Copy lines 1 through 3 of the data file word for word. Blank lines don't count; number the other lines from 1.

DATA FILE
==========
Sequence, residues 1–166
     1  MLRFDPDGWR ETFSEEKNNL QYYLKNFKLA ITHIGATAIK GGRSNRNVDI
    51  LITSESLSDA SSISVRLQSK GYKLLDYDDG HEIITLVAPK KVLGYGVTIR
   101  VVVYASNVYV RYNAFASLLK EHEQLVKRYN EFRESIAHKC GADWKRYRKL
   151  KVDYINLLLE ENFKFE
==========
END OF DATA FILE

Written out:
Sequence, residues 1–166
     1  MLRFDPDGWR ETFSEEKNNL QYYLKNFKLA ITHIGATAIK GGRSNRNVDI
    51  LITSESLSDA SSISVRLQSK GYKLLDYDDG HEIITLVAPK KVLGYGVTIR